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Giant Cell Arteritis (GCA)

Giant cell arteritis (GCA) causes inflammation of major arteries in the head, neck and arms. In this form of vasculitis, the arteries narrow, preventing blood flow to vital organs.

Left untreated, GCA leads to serious complications, including loss of vision and stroke

Giant cell arteritis (GCA): what you should know

  • Giant cell arteritis causes a variety of symptoms, including the following:
    • Throbbing headaches, especially at the temple
    • Scalp tenderness
    • Double or blurry vision
    • Fever, night sweats
    • Loss of balance
    • Loss of appetite and weight loss
    • Fatigue
    • Muscle aches
  • In about 70 percent of GCA patients, the eyes are affected. If not treated quickly, blindness can occur.
  • Often GCA and polymyalgia rheumatica, another inflammatory disorder, occur together. It is not clear why.  The conditions share some symptoms, and your doctor should test you for both.
  • It is not known what causes giant cell arteritis. GCA might occur when a faulty immune system is triggered by environmental factors, such as an infection. You are more likely to get GCA if you are over 50 years old.

How can I get help for giant cell arteritis (GCA)?

Giant cell arteritis diagnosis

Timely diagnosis and treatment are essential to preventing serious complications from giant cell arteritis, like blindness. If you have any of the symptoms listed above, see your doctor.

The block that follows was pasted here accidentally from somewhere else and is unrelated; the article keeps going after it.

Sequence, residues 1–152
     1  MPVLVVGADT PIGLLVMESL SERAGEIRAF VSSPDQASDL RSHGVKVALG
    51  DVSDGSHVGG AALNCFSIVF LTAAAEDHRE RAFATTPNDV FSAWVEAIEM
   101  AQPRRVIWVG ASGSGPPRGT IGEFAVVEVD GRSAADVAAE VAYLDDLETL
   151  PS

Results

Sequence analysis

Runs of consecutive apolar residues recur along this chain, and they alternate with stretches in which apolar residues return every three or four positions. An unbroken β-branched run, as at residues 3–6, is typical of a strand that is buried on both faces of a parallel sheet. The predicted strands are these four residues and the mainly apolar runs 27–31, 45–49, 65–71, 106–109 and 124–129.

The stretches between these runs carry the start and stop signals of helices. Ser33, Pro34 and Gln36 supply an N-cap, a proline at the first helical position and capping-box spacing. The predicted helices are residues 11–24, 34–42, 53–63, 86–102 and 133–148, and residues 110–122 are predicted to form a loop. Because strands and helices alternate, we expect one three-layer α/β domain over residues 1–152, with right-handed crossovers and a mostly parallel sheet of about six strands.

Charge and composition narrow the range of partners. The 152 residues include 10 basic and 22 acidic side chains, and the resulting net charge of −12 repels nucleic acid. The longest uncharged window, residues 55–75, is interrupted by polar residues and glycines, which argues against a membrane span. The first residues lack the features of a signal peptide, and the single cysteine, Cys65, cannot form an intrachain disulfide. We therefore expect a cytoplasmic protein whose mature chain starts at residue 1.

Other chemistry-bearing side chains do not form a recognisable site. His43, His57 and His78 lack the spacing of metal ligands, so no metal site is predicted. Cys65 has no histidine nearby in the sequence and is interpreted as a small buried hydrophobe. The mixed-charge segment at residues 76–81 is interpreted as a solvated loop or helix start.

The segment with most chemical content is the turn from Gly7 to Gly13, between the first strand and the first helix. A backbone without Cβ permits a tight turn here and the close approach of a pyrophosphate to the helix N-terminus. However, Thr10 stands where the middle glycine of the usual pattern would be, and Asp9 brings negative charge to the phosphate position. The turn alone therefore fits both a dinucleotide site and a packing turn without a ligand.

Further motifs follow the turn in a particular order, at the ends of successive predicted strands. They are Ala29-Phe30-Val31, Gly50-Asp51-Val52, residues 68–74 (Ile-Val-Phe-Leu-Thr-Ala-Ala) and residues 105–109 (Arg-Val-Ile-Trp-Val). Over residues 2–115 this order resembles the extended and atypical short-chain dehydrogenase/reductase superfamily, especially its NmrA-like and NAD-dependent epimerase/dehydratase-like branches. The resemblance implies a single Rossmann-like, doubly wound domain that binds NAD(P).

If giant cell arteritis is suspected, you may be referred to a rheumatologist. You will also need to see an ophthalmologist, a doctor who specializes in treating eye conditions. 

Testing for giant cell arteritis

There is no single test to diagnose giant cell arteritis. Your rheumatologist may order several tests that measure inflammation, including the following:

  • Blood tests to check inflammation
  • Chest X-ray or CT scan to see the extent of the damage
  • Biopsy of the temporal artery to confirm the damage

Care for giant cell arteritis (GCA) at Rush

Treatment. If you have GCA and it is treated quickly, your prognosis is generally good. With proper treatment, GCA rarely comes back.

Treatment at Rush focuses on controlling inflammation and preventing complications. Your care team will develop a plan for you that may include the following:

  • Initially, you will likely be given high doses of prednisone. The dose typically is tapered over 12 to 18 months based on your response.
  • You may also be put on a low-dose aspirin regimen to prevent heart attack or stroke.
  • You will also undergo a baseline bone density analysis to rule out osteoporosis, or bone fragility. Extended use of prednisone increases your risk of osteoporosis.
  • You will need regular checkups with your doctor at Rush to monitor medication side effects and overall health.
  • You will need yearly chest X-rays or angiograms to check on the aorta or other large blood vessels.

Why choose Rush for giant cell arteritis (GCA) care

  • The team in the Division of Rheumatology has experience identifying, diagnosing and treating all types of vasculitis, including GCA.
  • At the Rush Osteoporosis Center, rheumatologists work to prevent osteoporosis in patients with autoimmune disorders, including vasculitis. They pay special attention to those using steroid treatments, which can raise the risk of osteoporosis.
  • Rush offers an onsite laboratory, infusion therapies and a variety of other services. This makes your care easily coordinated and more convenient for you. 

Departments and programs that treat this condition